Senator IAN MACDONALD (Queensland) (18:04): I would like to take note of the Australian Customs and Border Protection Service report for 2012-13. I do want to congratulate the Customs and Border Protection Service, not only on their report that has been tabled in the Senate but on the work that they do generally. It is a vast organisation and it employs many Australians in all different facets of work. Whilst in recent times we know of the great work they have been doing in Operation Sovereign Borders, protecting Australia's borders, we should also remember that every time we come through an international airport or have goods come through a sea port the Australian Customs and Border Protection Service are there doing a fabulous job. I congratulate their leadership and, indeed, each and every individual working for the service.
It is not an easy job. Operation Sovereign Borders, as we have heard, is a complex and difficult operation. There have been media reports and questions asked in this Senate by the Labor Party and the Greens about what might be happening on the high seas at the moment. Sensibly, the government has not commented. But you get all of these comments and you might ask, 'Where do the Labor Party and the Greens political party get this information from?' Is it from the people smugglers? Is it from the criminals? Certainly, the criminals' modus operandi—their business operation—only flourishes because the Labor Party and the Greens continually give succour to those criminals and, in fact, publicise their businesses.
I read in the paper about parents being very concerned about the fate of their children who are allegedly on these boats. I ask those parents: why did they let their children get onto these very small boats for hazardous journeys allegedly, according to newspaper reports, coming from India to Australia?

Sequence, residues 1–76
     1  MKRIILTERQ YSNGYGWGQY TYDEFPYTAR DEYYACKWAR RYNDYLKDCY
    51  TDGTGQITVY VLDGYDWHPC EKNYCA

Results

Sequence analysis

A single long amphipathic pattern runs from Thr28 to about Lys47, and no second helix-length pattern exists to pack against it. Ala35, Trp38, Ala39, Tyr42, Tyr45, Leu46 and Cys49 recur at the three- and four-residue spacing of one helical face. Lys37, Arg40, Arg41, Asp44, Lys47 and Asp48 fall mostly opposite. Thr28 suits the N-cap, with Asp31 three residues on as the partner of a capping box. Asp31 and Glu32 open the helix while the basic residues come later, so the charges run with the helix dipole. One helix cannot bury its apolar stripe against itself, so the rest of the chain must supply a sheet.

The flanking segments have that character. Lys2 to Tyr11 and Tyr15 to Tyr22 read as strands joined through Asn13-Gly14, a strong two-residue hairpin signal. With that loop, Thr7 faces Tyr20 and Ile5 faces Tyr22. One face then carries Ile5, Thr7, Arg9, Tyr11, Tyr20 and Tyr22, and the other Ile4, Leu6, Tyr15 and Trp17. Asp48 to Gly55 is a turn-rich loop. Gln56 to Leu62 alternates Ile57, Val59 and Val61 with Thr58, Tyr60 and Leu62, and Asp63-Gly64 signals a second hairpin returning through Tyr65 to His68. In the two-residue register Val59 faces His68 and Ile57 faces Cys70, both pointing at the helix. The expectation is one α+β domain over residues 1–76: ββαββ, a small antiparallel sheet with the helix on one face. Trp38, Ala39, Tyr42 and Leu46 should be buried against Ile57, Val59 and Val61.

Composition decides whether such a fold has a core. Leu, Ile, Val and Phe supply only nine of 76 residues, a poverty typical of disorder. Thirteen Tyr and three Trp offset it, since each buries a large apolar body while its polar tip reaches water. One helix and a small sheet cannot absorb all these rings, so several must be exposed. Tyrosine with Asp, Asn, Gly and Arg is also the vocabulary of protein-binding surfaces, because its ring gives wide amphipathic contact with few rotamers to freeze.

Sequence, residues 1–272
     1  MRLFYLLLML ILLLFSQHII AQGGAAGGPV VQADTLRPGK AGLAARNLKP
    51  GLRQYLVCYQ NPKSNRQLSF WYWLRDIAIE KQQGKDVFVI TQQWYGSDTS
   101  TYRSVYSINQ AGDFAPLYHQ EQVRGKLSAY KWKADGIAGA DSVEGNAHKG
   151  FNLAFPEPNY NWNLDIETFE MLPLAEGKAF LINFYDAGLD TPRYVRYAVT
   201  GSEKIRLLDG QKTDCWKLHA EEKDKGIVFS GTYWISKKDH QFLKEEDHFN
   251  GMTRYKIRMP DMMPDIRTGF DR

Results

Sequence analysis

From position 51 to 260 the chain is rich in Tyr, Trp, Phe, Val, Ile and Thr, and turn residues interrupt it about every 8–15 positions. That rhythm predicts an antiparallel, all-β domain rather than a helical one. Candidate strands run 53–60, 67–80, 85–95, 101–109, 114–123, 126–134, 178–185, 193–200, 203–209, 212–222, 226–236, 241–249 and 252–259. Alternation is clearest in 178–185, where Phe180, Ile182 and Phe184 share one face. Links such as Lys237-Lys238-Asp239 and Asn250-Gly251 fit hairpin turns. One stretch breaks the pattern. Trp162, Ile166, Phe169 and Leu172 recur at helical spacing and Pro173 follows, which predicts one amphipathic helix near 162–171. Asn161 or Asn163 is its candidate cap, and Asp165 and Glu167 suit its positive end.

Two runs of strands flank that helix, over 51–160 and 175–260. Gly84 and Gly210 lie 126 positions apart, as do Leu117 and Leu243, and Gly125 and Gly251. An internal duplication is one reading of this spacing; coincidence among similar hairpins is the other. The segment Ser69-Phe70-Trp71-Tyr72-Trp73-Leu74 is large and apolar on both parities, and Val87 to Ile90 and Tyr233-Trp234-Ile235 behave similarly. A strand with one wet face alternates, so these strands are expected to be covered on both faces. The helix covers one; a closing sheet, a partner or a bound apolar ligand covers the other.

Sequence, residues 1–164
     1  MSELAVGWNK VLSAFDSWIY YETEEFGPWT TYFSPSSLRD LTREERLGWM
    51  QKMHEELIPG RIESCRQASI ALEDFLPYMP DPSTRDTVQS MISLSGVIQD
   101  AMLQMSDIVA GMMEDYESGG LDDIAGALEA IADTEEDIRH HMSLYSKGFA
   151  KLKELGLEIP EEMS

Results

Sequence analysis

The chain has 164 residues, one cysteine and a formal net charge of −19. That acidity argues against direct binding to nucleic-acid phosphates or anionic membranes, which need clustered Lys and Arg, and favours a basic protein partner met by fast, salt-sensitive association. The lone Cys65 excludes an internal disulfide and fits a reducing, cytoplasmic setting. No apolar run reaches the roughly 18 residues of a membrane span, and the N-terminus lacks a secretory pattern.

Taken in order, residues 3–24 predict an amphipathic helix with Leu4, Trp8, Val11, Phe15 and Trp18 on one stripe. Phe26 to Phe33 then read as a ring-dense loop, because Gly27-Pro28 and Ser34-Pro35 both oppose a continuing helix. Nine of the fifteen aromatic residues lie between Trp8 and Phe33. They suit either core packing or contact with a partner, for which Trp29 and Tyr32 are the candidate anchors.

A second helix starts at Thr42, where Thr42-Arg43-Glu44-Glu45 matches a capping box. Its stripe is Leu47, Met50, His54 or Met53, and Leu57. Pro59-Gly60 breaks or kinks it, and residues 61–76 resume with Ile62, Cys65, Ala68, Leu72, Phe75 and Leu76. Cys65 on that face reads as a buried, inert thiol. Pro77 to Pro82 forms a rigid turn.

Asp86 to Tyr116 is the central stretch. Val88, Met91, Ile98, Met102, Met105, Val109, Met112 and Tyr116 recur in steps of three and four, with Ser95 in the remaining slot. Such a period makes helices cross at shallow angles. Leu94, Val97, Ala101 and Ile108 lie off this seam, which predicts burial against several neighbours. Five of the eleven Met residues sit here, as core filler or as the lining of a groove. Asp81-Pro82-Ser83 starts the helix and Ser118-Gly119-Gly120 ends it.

Yet these parents are distraught, so they say, about the fate of their children. I cannot help but think: why would you allow your spouse, your children and your grandchildren to get on those leaky boats? Why would you pay people smugglers a lot of money to take that hazardous journey that could well end in tragedy? That disturbs me. That is why I am so pleased that the Australian Customs and Border Protection Service have, at the direction of Minister Morrison, been so good at protecting lives by stopping that vile, illegal trade.
We all have sympathy for refugees living their lives in squalid detention camps right around the world, waiting for their chance to come to Australia. But then we read in the paper today that many of those on these Sri Lankan boats were not coming here because they feared for their lives or their liberty in the country they were leaving. Rather, they quite openly said that they had come to Australia for a better job, for a better education for their kids—and I well appreciate that. That is something any parent would do. But it does not fall under the Refugee Convention.
Australia has a very generous refugee program under which we do take genuine refugees, but when people who, by their own admission, are not genuine refugees attempt to jump the queue, that makes it all the more difficult for those who are genuine refugees—who have been determined to be genuine refugees—waiting in those squalid refugee camps around the world, waiting desperately for their chance to get to Australia. That is why I am so pleased with the work the Australian Customs and Border Protection Service do, the sort of work mentioned in their report for 2012-13. I conclude by again congratulating all those involved in the fabulous work they do for Australia.
Question agreed to.